The Story

After making a timelapse of Toronto and one of Paris, both cities that I lived in and really enjoy, I felt there was something missing. With that I thought of New York City. New York is one of my favorite cities. It is such an amazing source of inspiration for urban cityscape photography.  I don’t plan to stay in North America forever, and New York is not that far from Toronto, so I decided to take my chance. I wanted to do something unique. Therefore I decided to do a New York City timelapse.

I wanted to create something different than I had in the past. I love watching drone footage, and I initially was thinking to film with one. However, after looking at the legislation, I realized flying a drone was forbidden in New York City. Therefore, the only solution left was to rent a helicopter. Additionally I had to rent a 4K camera, because even if 4K is not the standard, but It will be soon.

I stayed 7 days in the Big Apple. A week seems like a long time, but in reality it is not nearly enough. The perfect conditions to create a timelapse are  a sunny day with clouds moving in the sky.

I had 2 days that were very bright sun without clouds, and another one with a white cloudy mess above the city. It was very intense. I had to wake up early in the morning to shoot the sunrise, walk up to 18 miles/30km a day with 2 bags (about 44lb/20kg), and then shooting the sunset. It was worth it though, as walking is the best way to find the ideal spot for shooting.

The aerial sequences


The heliport was in New Jersey. My journey required a train and a taxi. The flight was door opened, and I was tied with a safety harness. All my gear was tied too, even my cell phone. This was the first helicopter flight of my life. It was an amazing experience; I really recommend to anyone having this opportunity to seize it. There is no way to describe how great the sensation was when I was sat on the floor of the helicopter with my legs dangling above the Empire State Building, while handling my camera. My New York City aerial experience certainly was exciting!

As I said earlier, I had no experience with aerial video. I just imagined that it was simple as taking the camera and press the rec button, but that was not true at all. The biggest issue that I faced was the rolling shutter. It’s a very common problem while filming with a DSLR Camera because the camera records rapidly scanning across the scene  instead of catching the entire framing at one time.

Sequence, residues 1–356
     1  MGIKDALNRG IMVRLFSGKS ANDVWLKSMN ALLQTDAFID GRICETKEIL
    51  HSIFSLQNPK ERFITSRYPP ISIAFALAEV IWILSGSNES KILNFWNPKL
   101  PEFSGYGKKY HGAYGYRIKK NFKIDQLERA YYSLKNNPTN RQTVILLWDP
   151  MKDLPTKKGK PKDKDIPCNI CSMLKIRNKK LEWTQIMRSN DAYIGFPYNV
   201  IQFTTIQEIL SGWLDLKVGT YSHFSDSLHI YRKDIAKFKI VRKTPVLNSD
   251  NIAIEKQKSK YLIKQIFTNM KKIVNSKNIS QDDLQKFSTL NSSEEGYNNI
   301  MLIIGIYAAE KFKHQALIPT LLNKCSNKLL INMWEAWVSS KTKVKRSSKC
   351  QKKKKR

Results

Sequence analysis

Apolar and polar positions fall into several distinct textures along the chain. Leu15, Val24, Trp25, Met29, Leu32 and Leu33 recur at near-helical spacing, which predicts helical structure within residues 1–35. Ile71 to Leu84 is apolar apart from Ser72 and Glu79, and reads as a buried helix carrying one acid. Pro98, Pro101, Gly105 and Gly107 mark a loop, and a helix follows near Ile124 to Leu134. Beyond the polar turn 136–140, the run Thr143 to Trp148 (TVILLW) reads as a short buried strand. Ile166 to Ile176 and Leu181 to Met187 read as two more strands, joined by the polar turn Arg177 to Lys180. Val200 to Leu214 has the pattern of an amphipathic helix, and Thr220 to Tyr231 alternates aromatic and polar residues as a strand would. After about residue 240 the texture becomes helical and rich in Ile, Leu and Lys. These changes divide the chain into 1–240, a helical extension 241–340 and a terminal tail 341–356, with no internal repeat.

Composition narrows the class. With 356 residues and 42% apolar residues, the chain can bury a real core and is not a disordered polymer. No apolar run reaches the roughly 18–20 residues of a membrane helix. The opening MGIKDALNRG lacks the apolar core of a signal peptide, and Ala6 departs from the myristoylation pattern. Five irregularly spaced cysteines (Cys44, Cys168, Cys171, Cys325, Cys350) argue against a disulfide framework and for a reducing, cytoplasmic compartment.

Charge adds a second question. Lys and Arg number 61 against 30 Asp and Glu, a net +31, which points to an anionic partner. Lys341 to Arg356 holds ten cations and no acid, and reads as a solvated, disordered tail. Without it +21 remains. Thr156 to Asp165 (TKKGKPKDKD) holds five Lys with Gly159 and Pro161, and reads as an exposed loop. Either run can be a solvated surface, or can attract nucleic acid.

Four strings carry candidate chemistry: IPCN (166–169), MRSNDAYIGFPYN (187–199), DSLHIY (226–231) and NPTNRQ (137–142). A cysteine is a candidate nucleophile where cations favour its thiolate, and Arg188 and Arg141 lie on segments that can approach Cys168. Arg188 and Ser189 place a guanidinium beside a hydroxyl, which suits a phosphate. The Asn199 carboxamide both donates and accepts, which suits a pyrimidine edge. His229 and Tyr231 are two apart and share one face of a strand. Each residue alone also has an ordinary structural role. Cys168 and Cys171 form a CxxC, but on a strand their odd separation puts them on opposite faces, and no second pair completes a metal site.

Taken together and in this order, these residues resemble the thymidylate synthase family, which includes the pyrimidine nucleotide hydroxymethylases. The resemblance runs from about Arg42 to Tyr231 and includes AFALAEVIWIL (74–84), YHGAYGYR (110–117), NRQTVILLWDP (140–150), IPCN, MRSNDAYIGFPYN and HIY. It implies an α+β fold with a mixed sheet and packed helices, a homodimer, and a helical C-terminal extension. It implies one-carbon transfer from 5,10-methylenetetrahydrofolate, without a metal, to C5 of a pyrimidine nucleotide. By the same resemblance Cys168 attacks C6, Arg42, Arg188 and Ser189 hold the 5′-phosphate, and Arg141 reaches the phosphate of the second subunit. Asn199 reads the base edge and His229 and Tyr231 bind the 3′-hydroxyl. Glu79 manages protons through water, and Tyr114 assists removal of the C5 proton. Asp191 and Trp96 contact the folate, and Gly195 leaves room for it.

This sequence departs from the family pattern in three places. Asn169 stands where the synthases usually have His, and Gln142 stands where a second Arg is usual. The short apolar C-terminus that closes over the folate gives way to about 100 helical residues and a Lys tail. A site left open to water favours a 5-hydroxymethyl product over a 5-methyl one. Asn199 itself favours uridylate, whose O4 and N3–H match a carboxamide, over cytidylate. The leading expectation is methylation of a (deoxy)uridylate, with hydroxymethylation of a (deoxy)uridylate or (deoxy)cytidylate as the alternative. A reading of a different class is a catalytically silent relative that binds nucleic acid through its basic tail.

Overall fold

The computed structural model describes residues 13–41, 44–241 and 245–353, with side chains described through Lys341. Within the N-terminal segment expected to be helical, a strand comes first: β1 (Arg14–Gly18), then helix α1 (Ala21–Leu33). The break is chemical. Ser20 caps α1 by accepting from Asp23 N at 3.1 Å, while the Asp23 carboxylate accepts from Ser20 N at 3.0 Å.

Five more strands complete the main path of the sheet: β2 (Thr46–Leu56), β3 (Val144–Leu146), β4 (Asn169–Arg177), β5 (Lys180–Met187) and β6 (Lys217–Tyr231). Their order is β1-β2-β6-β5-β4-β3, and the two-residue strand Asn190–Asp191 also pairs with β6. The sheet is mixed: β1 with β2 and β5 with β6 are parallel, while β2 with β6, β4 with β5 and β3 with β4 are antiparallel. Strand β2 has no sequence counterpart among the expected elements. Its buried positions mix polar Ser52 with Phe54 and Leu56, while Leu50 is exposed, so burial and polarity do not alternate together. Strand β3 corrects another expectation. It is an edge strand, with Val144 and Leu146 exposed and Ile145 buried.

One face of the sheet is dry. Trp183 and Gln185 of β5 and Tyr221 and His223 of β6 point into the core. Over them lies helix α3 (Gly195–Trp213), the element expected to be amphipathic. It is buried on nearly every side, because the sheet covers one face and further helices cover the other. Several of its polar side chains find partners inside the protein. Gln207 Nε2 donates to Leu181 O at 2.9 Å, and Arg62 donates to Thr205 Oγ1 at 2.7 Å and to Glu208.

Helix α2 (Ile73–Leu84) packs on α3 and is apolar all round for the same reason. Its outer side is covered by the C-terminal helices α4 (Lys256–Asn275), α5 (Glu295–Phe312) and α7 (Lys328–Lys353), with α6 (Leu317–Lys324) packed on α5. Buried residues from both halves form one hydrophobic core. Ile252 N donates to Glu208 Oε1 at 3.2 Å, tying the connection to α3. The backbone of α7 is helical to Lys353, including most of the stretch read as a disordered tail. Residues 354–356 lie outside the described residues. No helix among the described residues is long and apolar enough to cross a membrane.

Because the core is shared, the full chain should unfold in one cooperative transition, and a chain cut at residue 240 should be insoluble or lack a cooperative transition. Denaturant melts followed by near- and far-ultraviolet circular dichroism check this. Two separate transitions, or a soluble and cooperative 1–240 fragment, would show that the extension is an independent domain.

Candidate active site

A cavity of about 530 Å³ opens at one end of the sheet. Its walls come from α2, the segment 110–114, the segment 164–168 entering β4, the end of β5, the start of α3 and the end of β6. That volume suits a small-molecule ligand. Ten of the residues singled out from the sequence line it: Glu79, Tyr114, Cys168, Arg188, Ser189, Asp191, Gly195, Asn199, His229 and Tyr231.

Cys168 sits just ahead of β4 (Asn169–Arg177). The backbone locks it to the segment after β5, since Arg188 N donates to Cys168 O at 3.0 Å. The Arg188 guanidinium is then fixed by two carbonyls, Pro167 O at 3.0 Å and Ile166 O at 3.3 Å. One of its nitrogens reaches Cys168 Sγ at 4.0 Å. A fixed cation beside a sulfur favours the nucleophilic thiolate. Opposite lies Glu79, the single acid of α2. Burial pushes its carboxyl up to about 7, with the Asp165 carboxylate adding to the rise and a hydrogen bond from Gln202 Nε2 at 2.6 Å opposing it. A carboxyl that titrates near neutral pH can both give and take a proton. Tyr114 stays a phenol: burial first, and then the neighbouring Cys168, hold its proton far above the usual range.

I was not able to fix this jelly effect, nor the shaky effect, even after I had read tons of articles on the subject. I tried many different solutions.  However nothing worked until I used a software called Mercalli™ from ProDAD, then stabilized the footage with Adobe After Effects.

Create a unique experience by making something different

I watched many timelapses of the New York City, and wanted to create something unique. Not only by adding aerial sequences, but also by color grading. The color grading is what brings the ‘cinema look’ to the video by making adjustments in the colors. I purchased a great tutorial a few months ago  called ‘creative editing’ made by the amazing landscape photographer Beboy (available here) about how to improve your photography with color adjustment.

Even if I did not apply all of his ideas and tips, it really helped to have better understanding of the color correction, and how it can provide a different vibe to a video.

Using these tools I was able to make a unique New York City timelapse.


The choice of the song, was crucial. When I create a timelapse video I first choose the song. I try to imagine what kind of video sequences I could to the song, and then I start editing following the the music rhythm. A few months ago I fell in love with this song. As a big fan of the DJ 20syl, I decided to use it. I enjoy the mix between the electronic phases and the trumpet sound made by Ibrahim Maalouf.

Here’s the iTunes link to buy the song:


Aerial videos:

  1. Mercalli® V4 SAL+ (Removal of the rolling shutter)
  2. Adobe After Effects (stabilization and color grading)

Timelapse videos:

  1. Adobe Lightroom (Pre-treatment of the pictures)
  2. Adobe After Effects (Video effects, stabilization)
  3. Final Cut Pro (Final video editing)


Timelapse videos

1st Camera:

  • Nikon D600
  • 16-35mm70-200mm
  • ND and polarizing filters (Lee Filters)

2nd Camera:

  • Canon T2I
  • Canon 50mm
  • Aerial videos
  • Sony A7SII
  • Sony Vario-Tessar T* FE 16-35mm f/4 ZA


More about me

I am a timelapse photographer based in Toronto. I create stock footage and commissioned videos.